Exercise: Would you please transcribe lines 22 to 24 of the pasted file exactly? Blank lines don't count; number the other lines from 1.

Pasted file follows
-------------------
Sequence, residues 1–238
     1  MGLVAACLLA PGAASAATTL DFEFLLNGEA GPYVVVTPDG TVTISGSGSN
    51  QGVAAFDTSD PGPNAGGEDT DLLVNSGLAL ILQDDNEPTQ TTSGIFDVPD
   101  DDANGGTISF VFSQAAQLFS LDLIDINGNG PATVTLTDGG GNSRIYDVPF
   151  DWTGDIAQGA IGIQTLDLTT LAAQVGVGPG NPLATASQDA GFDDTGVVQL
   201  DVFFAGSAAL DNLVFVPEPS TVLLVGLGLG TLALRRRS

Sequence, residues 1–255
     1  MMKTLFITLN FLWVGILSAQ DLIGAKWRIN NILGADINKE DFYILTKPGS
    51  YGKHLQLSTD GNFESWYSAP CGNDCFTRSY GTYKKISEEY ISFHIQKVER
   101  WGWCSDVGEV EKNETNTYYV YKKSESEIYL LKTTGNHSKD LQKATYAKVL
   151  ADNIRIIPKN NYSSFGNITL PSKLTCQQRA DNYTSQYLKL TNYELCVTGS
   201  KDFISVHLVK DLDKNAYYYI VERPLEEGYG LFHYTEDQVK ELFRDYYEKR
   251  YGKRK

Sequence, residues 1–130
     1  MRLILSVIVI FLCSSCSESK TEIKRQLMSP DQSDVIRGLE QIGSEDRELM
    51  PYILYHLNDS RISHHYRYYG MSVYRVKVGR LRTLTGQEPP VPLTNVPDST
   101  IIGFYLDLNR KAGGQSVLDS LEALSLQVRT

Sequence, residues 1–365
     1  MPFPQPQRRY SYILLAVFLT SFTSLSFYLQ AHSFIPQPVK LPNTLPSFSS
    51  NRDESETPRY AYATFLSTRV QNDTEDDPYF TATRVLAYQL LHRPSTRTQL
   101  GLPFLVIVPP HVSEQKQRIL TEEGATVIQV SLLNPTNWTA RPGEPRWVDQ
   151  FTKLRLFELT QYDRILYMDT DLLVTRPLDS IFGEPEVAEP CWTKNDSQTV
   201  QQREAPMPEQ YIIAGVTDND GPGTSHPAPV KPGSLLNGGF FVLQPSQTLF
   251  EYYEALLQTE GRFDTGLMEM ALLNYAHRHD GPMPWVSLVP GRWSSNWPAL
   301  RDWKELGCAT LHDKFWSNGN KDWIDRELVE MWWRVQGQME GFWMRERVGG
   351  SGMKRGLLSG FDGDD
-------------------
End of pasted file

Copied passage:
   151  FTKLRLFELT QYDRILYMDT DLLVTRPLDS IFGEPEVAEP CWTKNDSQTV
   201  QQREAPMPEQ YIIAGVTDND GPGTSHPAPV KPGSLLNGGF FVLQPSQTLF
   251  EYYEALLQTE GRFDTGLMEM ALLNYAHRHD GPMPWVSLVP GRWSSNWPAL